After making a significant investment in Bitcoin last year, Tesla Motors sold 75 percent of its holdings in the second quarter, the company confirmed on July 20.
The latest decision was made in response to the growing uncertainties surrounding China’s lockdowns amid COVID-19 outbreaks, says CEO Elon Musk.
He added that the company hadn’t sold any of its Dogecoin positions.
Bitcoin prices fell 0.94 percent, to $23,008, on July 21, while Dogecoin declined 1.51 percent, to $0.0691.
The cryptocurrency market has recently enjoyed a relief rally, buoyed by investors optimistic that the Federal Reserve will adopt a less aggressive approach to interest rates at this month’s Federal Open Market Committee policy meeting. The central bank’s tightening efforts have applied exceptional pressure on risky assets, including cryptocurrencies.
Although Bitcoin has plunged 53 percent year to date, it has advanced nearly 9 percent over the last month.
“What was less encouraging in the Tesla report is the update regarding its Bitcoin holdings,” Ipek Ozkardeskaya, a senior analyst at Swissquote Bank, wrote in a morning note. “Tesla sold a big chunk of Bitcoin to add near a billion dollars to the company’s balance sheet. No wonder the news reversed the positive momentum and sent Bitcoin back below the [$23,000] mark yesterday.”
Tesla turned bullish on Bitcoin and accepted it as a payment method for its models.
However, after only a few months of this buying strategy, the company suspended vehicle purchases using Bitcoin over concerns “about rapidly increasing use of fossil fuels for Bitcoin mining and transactions, especially coal.” But Tesla reaffirmed its commitment to cryptocurrency.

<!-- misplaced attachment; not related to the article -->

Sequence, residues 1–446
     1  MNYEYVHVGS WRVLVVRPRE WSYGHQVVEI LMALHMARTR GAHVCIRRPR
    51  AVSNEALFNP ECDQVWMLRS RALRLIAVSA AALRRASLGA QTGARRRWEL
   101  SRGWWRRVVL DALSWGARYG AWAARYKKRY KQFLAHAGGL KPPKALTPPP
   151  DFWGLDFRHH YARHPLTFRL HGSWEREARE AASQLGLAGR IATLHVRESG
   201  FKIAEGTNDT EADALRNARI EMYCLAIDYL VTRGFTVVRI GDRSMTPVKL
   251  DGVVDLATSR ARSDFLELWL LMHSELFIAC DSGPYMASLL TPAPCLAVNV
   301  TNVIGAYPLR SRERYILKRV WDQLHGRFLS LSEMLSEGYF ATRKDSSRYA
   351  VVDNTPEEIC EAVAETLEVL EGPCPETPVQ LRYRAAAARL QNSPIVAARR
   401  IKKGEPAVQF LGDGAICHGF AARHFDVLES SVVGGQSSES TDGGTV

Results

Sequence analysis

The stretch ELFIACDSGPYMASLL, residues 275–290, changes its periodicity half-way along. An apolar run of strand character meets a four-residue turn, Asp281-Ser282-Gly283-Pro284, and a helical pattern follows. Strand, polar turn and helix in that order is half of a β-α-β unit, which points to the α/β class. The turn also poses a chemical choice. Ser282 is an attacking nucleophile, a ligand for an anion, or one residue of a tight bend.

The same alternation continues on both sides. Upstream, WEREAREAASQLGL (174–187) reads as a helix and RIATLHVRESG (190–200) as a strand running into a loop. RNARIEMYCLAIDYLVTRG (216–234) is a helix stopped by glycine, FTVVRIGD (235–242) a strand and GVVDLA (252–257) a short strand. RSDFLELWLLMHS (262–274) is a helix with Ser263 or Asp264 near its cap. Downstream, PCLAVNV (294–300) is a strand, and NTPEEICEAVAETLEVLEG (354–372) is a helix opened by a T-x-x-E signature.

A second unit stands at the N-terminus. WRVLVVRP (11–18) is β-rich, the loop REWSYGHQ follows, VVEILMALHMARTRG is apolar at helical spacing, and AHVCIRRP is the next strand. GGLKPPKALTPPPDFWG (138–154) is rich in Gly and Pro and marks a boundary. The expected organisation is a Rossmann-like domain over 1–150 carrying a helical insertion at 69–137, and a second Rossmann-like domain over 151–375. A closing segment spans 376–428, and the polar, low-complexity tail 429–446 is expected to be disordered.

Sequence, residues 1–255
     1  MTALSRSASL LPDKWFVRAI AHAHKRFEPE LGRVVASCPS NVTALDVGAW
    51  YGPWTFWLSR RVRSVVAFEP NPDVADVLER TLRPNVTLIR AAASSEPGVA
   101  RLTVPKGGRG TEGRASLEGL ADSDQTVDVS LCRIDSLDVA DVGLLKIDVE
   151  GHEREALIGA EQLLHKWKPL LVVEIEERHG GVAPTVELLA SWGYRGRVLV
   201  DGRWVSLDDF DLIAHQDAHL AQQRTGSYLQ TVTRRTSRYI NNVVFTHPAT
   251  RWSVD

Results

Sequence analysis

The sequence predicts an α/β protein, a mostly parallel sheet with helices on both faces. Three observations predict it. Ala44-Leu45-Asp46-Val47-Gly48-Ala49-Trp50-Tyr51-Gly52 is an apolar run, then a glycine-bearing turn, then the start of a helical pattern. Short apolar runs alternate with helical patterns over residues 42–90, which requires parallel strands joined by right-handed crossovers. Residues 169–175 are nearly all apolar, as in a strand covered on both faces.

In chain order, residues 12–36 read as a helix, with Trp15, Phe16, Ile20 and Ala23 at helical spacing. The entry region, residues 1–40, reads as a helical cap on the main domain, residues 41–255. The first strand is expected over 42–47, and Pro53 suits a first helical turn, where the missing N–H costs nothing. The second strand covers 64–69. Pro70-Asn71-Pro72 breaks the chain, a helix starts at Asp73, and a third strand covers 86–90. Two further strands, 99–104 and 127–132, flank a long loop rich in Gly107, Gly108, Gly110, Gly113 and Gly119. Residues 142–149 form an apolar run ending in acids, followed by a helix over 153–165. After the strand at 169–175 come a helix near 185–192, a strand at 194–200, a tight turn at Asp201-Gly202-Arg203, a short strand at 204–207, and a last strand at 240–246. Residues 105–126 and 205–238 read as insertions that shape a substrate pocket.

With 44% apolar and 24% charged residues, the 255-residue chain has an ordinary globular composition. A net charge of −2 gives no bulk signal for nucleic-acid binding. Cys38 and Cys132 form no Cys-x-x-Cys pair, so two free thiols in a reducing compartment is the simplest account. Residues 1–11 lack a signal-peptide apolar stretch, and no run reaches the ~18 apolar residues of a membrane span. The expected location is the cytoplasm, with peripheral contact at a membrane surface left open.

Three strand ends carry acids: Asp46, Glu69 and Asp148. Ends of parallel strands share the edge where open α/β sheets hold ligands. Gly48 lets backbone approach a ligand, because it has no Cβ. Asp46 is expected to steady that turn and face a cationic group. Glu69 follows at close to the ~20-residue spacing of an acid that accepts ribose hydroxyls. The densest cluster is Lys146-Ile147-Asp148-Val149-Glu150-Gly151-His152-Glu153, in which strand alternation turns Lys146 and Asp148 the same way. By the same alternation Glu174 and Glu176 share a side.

Other Tesla 2nd Quarter NotesTesla revealed that it’s still contending with a plethora of supply-chain challenges due to the coronavirus pandemic. In addition to inflationary pressures, Tesla is dealing with shortages of car parts and semiconductor chips, resulting in its global vehicle inventory falling to three days’ worth of supply, down from four days in the first quarter.
Musk warned that customers buying a car now would face a longer wait time, and they might not receive their orders until sometime next year.
“Production is resuming at limited levels, and we’re working to get back to full production as quickly as possible,” said Tesla CFO Zachary Kirkhorn. ”It seems likely that we’ll be able to produce one and a half million cars this year.”
On the subject of autonomous vehicles, Musk cautioned that developments in this sphere are taking longer than he had initially hoped.
“With respect to full-self driving, of any technology development I’ve ever been involved in, I’ve never really seen more kind of false dawns where it seems like we’re going to break through but we don’t,” Musk told analysts.
Despite these setbacks, the company topped market estimates in the period ended March 31. Tesla posted $18.76 billion in revenues, compared to the projected $17.80 billion. Earnings per share came in at $3.22, higher than the forecast of $2.26. It also reported an 87 percent year-over-year increase in automotive revenue, climbing to $16.86 billion. Automotive gross margins also hit an all-time high of 32.9 percent, helping Tesla enjoy a gross profit of $5.54 billion in this primary segment.
Tesla shares rose 9.78 percent on July 21 to $815. Year to date, the stock has dropped 33 percent.